Live Music + Gig Reviews

Maps + The Early Years + Malcolm Middleton @ 229, London

5 September 2007

Maps' James Chapman

Maps’ James Chapman

To the casual reader, being a music journalist must sound like a pretty glamorous job. Free gig tickets? Check. Workable knowledge of as-yet unreleased albums by obscure American artists? Check. (Very) Occasional free drinks from over-excited PR girls? Er… You get the idea. What we traditionally fail to tell you about, however, is the times that said journalist’s free gig tickets aren’t quite enticing enough to convince friends or family to join them as that honoured ‘plus one’, which results in your floppy haired protagonist lurking at the back of a gigantic queue quietly shuffling his feet.

But, from the off, this celebration of über-cool club night/label/fanzine Fandango’s sixth birthday looked a safe bet for a lonely journo – six bands, two rooms, three hours, no overlapping. Just enough time to race between the bar and the other room, do not pass go, do not stop to text grandma or crane your neck ‘expectantly’ as if you were meeting someone. Unfortunately, for all Fandango’s venerable experience in organising concerts (they’ve managed to launch the Strokes and Razorlight into the public consciousness in years previous) it doesn’t quite work like that. Huge queues mean that bands run concurrently, 229’s cavernous main hall is often half-full, and punters are still stuck outside way into openers Royworld’s set.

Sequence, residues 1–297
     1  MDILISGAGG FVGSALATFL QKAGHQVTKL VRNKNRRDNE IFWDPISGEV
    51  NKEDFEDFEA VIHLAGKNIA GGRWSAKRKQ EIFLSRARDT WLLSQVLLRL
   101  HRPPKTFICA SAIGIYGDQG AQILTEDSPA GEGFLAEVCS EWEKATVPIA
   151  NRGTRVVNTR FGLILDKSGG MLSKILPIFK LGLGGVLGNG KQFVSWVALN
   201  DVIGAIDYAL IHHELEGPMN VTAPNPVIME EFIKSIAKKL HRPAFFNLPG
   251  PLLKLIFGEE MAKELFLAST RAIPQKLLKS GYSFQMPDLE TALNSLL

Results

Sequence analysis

Which actually isn’t such a bad thing, as Royworld are absolutely dreadful. Spectacularly, heroically awful. It probably doesn’t help that their frontman is manfully attempting to channel Brandon Flowers through the voice and dancing style of a drunken uncle at a wedding, but even that should be no excuse for the bland, stadium rock-apeing tosh on display here. Selected lyrics like “Don’t crryyyyy/ Cos it’s OK” and “Go back to the place we used to live/ To the place where we were young” over synths set to ‘epic’ are enough to drive us screaming into the main room, only to find we’d missed half of gorgeous folk troubadours Monkey Swallows the Universe.